Taranis, the stealthy unmanned combat vehicle named after the Celtic god of Thunder, recently completed its first successful test flight. The British Air Force says it's the most advanced aircraft the UK's ever built — and based on sheer looks alone, we're inclined to agree.
The UAV was unveiled back in 2010, but its first test flight was believed to have occurred in the Australian desert in August last year. The UK's Ministry of Defence has been pretty hush-hush about the whole thing, but it has finally released the footage:
The semi-autonomous warplane is designed to fly intercontinental missions, and it'll eventually carry a number of weapons enabling it to attack both aerial and ground targets. It utilizes stealth technology, giving it a low radar profile. Taranis will be controllable via satellite link from anywhere on Earth.
The BBC tells us more about the advanced project:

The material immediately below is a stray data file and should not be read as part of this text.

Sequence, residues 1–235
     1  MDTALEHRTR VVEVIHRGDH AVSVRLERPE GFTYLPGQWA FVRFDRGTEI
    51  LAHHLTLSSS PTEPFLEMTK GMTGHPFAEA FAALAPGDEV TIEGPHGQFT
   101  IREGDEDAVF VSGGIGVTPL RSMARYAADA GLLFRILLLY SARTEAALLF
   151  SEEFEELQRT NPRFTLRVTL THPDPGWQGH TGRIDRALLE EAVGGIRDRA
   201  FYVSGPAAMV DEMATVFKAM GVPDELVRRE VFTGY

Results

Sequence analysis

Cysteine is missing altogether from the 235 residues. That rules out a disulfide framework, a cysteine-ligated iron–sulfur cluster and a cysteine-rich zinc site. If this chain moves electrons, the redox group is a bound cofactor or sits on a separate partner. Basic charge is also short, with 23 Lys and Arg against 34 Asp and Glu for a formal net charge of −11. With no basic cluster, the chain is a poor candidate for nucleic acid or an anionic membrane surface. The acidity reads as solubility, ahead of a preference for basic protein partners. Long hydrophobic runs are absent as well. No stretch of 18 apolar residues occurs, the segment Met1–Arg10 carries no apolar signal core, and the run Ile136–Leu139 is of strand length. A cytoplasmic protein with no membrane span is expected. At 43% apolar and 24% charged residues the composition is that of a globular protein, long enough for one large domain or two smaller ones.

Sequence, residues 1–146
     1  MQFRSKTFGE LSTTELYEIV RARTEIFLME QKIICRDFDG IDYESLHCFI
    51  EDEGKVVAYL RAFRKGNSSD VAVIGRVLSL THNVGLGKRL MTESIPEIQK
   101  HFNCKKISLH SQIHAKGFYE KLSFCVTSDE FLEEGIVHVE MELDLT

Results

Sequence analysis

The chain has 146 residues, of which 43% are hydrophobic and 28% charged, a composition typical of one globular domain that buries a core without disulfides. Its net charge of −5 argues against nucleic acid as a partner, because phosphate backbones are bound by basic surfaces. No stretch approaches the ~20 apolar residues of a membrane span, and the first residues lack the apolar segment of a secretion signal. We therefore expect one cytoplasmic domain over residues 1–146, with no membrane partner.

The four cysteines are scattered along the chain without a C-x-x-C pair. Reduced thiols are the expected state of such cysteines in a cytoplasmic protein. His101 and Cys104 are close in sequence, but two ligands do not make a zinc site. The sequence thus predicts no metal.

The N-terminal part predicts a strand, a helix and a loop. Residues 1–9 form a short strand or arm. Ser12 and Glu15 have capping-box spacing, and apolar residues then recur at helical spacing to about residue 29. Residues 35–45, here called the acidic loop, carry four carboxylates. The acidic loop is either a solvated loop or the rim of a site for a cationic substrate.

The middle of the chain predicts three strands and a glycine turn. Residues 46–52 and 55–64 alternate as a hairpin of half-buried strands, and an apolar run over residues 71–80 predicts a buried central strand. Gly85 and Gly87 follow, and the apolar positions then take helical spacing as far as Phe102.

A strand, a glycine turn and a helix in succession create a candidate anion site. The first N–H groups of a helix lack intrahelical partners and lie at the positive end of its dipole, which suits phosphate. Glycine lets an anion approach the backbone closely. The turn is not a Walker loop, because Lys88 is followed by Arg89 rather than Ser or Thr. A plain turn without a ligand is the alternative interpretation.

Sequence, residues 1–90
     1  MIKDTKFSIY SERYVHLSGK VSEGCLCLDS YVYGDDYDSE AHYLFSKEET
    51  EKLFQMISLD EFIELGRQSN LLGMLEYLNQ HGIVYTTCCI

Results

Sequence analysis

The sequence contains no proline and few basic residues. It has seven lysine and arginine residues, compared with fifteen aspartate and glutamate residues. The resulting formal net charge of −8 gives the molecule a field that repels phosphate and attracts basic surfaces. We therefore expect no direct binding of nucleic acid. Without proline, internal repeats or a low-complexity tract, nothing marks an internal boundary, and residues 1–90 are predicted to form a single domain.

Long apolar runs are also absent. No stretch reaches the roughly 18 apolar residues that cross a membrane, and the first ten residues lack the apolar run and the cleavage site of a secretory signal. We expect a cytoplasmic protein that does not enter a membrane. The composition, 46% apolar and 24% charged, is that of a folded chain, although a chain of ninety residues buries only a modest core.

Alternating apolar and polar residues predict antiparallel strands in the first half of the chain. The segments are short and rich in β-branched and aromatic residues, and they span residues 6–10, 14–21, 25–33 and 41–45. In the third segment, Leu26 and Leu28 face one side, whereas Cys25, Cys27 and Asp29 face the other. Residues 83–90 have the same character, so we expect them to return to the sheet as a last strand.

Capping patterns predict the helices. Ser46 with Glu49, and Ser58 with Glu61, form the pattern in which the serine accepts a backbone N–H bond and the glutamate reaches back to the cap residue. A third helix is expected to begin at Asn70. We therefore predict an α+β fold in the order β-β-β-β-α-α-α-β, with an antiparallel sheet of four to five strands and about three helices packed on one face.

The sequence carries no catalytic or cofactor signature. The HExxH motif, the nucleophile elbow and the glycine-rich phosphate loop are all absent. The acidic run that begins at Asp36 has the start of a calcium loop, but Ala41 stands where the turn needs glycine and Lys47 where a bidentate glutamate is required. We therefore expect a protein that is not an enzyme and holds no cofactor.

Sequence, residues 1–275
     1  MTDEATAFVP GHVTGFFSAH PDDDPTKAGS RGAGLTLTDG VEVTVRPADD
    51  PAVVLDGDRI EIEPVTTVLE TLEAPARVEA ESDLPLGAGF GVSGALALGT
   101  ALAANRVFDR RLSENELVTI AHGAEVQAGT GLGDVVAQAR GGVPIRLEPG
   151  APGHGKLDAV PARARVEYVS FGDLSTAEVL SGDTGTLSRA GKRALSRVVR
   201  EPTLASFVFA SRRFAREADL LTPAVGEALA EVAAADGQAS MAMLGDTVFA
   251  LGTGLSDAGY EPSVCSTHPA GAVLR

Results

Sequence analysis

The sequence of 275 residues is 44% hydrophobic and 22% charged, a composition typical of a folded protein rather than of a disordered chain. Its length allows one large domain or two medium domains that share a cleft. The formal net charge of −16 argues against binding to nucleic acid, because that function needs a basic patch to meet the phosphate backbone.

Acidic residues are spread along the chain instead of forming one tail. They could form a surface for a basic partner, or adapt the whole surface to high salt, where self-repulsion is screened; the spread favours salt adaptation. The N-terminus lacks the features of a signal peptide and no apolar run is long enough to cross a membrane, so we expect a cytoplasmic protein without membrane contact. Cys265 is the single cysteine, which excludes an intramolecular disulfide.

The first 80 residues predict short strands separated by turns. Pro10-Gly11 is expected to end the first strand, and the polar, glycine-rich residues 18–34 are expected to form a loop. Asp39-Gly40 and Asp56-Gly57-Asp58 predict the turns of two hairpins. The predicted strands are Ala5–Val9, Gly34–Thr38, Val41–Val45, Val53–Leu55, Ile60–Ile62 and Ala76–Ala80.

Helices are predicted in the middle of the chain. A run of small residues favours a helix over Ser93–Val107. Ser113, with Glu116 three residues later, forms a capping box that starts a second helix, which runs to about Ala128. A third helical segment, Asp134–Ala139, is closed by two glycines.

Test pilot Bob Fraser said everything went according to plan. But if you ask him how high or fast it flew he is not allowed to give a precise answer.
He will only say Taranis flew at least "twice as fast" as any other drone he has operated from the ground. Eventually it is supposed to fly faster than the speed of sound.
What we do know is that Taranis is the prototype for Britain's first stealth combat drone.
It is low profile and acute angles are not just designed for speed, but also to avoid detection by radar.
The goal here is to develop an unmanned plane that that can fly into "contested airspace" and deliver its weapons deep behind enemy lines.
The obvious attraction to any politician is that if the technology proves effective such strikes could be carried out without endangering the lives of a pilot or aircrew.
The US and China have their own stealth drones. And Germany is working on one, too.
Hmm, Taranis looks suspiciously familiar.
A Cylon Raider:
And as for the claim that Taranis is the most advanced aircraft the UK has ever had in its arsenal, that very well may be true — but you could make a pretty strong case about this bad boy:
More at the BBC. Images: BAE Systems.